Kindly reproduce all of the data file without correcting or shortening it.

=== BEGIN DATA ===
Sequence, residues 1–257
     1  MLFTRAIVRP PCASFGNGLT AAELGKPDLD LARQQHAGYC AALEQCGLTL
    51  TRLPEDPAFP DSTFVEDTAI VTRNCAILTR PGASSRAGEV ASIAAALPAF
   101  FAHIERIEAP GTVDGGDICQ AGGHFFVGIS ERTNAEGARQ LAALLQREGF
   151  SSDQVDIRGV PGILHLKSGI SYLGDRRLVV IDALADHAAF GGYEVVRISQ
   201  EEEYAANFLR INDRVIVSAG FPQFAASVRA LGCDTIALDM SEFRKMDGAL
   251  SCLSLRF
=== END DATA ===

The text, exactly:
Sequence, residues 1–257
     1  MLFTRAIVRP PCASFGNGLT AAELGKPDLD LARQQHAGYC AALEQCGLTL
    51  TRLPEDPAFP DSTFVEDTAI VTRNCAILTR PGASSRAGEV ASIAAALPAF
   101  FAHIERIEAP GTVDGGDICQ AGGHFFVGIS ERTNAEGARQ LAALLQREGF
   151  SSDQVDIRGV PGILHLKSGI SYLGDRRLVV IDALADHAAF GGYEVVRISQ
   201  EEEYAANFLR INDRVIVSAG FPQFAASVRA LGCDTIALDM SEFRKMDGAL
   251  SCLSLRF